Looking at colleagues, Caiaphas, with a lot of logic, concluded, “Do you see clearly what you need? It is better to have one man die for the people than to let the whole nation be destroyed” (Jn 11:49).
God thought differently from those who claimed the right to represent and speak on his behalf on earth. For God, Jesus was the faithful servant and, therefore, on Easter day he went to take him back from the tomb, glorified him and put him as foundation of the new temple.
Concluding his discourse (v. 12), Peter states that there is no salvation in anyone else. Jesus is the only savior. Only the one who builds his life on him and on his word can be sure to build on a solid foundation. He needs not fear that the advent of new doctrines, new religions, new ideologies, new humanisms, new scientific discoveries may one day reveal some fragility.
The life of God that the Christian receives in baptism is a mysterious spiritual reality. Speaking to Nicodemus, Jesus compared it to the “wind”. No one knows where it comes from nor where it goes. It exists and its presence does not go unnoticed because it produces unequivocal effects that everyone can see, but it is not visible to the eye (Jn 3:8).
The passage’s first statement being proposed today is a reminder of the free gift of divine life. The word of God is always effective; if he calls someone his son, this person will actually become one.
In biblical language, sonship implies the participation in the life of him from whom one is generated. “Adam—the Genesis recalls—became father of a son born in his own likeness, in his own image and he named him Seth” (Gen 5:3). Seth, who had received life from Adam, was like his father, bore the etched features. So the Christian is, in the world, a presence of the divine and, like any son, reproduces the likeness of the Father. This is why one who does not know God cannot even know those generated by God (v. 1). It is not therefore surprising that the Christian is not understood.
The present condition is not yet final. A veil, by the fact that we still live in this world, blocks our awareness of who we really are. But one day the veil will be lifted and we will see God as he is, then we will know that we shall be like him (v. 2).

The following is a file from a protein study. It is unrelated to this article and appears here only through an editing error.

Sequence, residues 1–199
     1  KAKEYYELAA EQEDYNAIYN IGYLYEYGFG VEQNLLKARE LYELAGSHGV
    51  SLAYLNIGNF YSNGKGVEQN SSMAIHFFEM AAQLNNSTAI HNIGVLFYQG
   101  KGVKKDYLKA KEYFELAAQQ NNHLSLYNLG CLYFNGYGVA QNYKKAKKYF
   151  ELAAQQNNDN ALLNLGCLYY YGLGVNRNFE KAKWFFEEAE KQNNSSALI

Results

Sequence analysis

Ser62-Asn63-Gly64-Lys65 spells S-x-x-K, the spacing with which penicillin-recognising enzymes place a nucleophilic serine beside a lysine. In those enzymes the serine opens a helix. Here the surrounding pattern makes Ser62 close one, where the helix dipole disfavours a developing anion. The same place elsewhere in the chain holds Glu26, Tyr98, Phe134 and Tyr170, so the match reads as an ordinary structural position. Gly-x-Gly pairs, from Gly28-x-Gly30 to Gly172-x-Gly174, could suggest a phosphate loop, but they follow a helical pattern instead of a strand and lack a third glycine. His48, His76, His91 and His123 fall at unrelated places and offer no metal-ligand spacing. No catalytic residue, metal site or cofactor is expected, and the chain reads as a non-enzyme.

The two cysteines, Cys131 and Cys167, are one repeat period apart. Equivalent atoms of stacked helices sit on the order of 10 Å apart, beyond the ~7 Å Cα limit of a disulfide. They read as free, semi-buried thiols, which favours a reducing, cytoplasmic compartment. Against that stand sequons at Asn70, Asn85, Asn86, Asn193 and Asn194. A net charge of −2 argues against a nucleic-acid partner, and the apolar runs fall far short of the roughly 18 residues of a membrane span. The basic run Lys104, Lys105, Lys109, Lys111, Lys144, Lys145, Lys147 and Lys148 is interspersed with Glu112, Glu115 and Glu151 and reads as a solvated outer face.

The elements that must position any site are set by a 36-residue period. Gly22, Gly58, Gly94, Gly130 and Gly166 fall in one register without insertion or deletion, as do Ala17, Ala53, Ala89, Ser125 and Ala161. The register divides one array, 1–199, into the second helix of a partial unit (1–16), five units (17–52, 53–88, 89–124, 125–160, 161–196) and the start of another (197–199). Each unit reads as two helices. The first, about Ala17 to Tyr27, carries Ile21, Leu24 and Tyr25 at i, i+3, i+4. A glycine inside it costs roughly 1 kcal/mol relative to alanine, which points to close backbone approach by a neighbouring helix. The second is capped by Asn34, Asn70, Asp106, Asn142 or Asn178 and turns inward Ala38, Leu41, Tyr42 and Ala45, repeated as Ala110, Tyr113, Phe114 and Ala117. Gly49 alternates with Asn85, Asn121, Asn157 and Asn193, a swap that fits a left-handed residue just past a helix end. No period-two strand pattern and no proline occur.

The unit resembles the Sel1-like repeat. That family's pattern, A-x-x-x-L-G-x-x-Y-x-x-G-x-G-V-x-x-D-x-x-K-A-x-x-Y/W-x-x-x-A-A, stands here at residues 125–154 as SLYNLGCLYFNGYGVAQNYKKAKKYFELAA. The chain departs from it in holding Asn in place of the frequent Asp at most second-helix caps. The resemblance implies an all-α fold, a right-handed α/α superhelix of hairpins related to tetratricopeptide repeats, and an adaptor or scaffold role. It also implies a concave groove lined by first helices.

This is the only Christian perspective to consider death: not as the end of life, but as the beginning of the second part, the best, the one in which the servants of God and of the Lamb “shall see his face and his name will be on their foreheads. There will be no more night. They will not need the light of lamp or sun for God himself will be their light” (Rev 22:3-5).
Even after having settled in the land of Canaan, and becoming a nation of farmers, Israel has always maintained a great longing for the nomadic life of shepherds and never gave up rearing sheep and goats. The wisdom of the Bedouin, who prefers his flock to the jewels and treasures, is reflected by the exhortation of the book of Proverbs: “Know well the state of your herd and tend your flock because the wealth does not last forever. You should have lambs to clothe you and goats to pay for your fields, sufficient goats’ milk to feed you, to sustain your household” (Prov 27:23-27).
The fact of spending a lot of time in isolated places with the flock meant that, between the shepherd and his sheep, a loving relationship is built. The shepherd called each sheep by name, and that it recognized his voice. Wild animals were the greatest dangers to the flock. In biblical times, hyenas and jackals, lions and bears lived in the valley of the Jordan. The shepherds, armed with a slingshot, a strong stick, made more effective by pieces of flint stuck at the end, were prepared to fight against them.